Thursday, March 10, 2016

Seminary for the atheists

I had to keep pausing this video. For me it was like watching archeologist after archeologist uncover items and then speak authoritatively about the use and value of something just pulled out of the ground while being completely wrong. They interview a man who wrote a book to tell people they could get close to Jesus without actually doing the things he mandated. They interview a humanist chaplain that thinks what people seek in religion (namely community) is important, but doesn't require organized religion.

Really, religion is certainly about what you do today - how you serve your fellow man and how you find peace with him - but that is not the goal. The goal is the Kingdom. All this centering on the life we live here on Earth without looking to Heaven is like running while looking 2 feet in front of you and not towards the finish line. It's simply bad form.

When I was in high school working out in the gym a coach came up to me and said, "You do really well in the weight room. You can bench over 200 pounds and all that, but you need to put more emphasis on the practice in pads." In essence, this is all well and good, but when it's time to get on the line and grind it out in a game, you're not going to be ready. Going to theological classes to learn how to be better at the practice of this life is insufficient. I can already hear the reply, "But if they can learn a little they can be brought to Christ!" I hear you. I also see from the mouths of the instructors themselves that their goal is "not to evangelize." They are just teaching the lexicon of Christianity; Jesus Vocabulary 101. The problem is that a life in Christ is not studied. It is lived. Taking a class where the expectation for success is well below a functional level of catechesis fools the student into thinking they have things covered much in the same way I thought tricep extensions would prepare me for getting laid out on the second play of our first home game. Looking up at the sky with no air in my lungs and no idea what was happening is not how you want to encounter the next life. If you want to really learn who Jesus is, what He wants for you, and how to equip yourself for both this life in the next, you'd do better to take a semester away from the ivy-covered buildings and spend some time at the Lived Theology School. You'd learn more there than you would in comfortable chairs hashing out ethical dilemmas without having to actually experience the world of hard choices.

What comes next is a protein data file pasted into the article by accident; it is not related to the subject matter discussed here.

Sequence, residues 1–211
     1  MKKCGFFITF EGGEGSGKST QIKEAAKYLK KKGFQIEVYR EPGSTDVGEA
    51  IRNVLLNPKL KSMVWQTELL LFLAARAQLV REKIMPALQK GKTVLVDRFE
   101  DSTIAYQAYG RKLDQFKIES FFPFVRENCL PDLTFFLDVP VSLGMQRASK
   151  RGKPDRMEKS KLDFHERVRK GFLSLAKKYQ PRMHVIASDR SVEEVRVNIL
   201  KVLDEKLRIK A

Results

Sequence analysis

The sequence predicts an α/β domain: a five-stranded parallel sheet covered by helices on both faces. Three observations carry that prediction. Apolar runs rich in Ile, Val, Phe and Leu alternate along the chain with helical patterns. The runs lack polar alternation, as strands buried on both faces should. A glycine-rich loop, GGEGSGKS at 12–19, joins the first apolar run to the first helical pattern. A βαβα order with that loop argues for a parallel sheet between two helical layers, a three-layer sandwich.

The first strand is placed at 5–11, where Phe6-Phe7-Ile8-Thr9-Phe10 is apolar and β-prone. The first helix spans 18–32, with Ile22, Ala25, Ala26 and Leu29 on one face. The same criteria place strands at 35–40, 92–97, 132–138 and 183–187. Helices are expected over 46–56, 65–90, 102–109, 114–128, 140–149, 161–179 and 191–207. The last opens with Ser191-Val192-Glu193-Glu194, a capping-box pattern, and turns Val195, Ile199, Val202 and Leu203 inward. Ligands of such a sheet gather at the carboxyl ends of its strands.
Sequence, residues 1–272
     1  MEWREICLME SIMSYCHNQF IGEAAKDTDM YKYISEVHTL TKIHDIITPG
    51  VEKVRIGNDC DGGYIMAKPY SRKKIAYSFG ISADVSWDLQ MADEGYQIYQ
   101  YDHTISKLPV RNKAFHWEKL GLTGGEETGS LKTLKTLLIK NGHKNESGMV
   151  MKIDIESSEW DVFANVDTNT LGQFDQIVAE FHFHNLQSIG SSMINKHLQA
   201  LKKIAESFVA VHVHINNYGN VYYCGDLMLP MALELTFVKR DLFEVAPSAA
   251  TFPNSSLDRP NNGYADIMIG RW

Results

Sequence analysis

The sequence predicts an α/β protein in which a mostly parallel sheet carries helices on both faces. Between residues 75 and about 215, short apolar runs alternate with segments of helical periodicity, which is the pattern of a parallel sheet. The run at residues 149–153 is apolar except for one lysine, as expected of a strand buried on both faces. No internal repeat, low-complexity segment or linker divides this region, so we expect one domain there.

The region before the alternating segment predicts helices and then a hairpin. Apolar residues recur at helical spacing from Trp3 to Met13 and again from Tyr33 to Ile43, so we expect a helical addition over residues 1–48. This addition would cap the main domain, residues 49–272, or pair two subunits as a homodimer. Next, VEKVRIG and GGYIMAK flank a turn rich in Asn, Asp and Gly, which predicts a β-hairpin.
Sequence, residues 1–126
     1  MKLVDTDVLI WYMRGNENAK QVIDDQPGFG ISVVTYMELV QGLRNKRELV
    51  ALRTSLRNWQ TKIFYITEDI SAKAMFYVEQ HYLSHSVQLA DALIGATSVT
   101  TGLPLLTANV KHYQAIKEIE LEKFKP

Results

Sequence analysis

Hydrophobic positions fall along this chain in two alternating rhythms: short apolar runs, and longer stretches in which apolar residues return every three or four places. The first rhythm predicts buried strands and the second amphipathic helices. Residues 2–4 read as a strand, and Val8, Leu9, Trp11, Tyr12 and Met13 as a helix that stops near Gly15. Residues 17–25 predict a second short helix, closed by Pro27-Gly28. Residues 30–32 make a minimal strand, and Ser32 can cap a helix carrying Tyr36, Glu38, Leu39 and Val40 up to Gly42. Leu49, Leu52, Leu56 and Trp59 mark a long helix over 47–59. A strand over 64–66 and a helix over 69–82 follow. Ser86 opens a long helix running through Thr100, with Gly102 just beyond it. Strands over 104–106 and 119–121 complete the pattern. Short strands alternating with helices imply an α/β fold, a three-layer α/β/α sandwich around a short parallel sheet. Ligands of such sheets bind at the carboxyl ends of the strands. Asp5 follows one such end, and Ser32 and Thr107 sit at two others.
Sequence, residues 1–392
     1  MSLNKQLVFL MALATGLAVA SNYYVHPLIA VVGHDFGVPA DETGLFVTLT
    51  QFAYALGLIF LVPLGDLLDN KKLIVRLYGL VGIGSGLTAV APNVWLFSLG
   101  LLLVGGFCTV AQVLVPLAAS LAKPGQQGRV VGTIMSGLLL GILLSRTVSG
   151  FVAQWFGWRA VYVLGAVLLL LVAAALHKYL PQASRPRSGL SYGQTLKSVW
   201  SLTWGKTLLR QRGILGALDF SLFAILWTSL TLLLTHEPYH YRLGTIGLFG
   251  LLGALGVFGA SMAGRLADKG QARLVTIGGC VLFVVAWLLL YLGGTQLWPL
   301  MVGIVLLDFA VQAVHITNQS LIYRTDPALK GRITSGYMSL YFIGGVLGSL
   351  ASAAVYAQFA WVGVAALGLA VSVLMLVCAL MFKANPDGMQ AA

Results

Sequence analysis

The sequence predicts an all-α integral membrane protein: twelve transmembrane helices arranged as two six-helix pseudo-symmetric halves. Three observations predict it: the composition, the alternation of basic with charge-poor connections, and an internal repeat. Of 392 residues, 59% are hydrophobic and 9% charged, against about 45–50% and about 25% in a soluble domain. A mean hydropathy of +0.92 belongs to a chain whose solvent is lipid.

1 comment:

  1. While I would never recommend this for, let's say, a catechumen; it doesn't seem like these folks are looking to prepare for the next life. They want to find meaning in this life - and that's commendable. "Eternity in the heart of man," "Seeds of the Logos" and all that. The impetus to search is a sign that one is not totally lost.

    But no doubt, childish things must be put away eventually.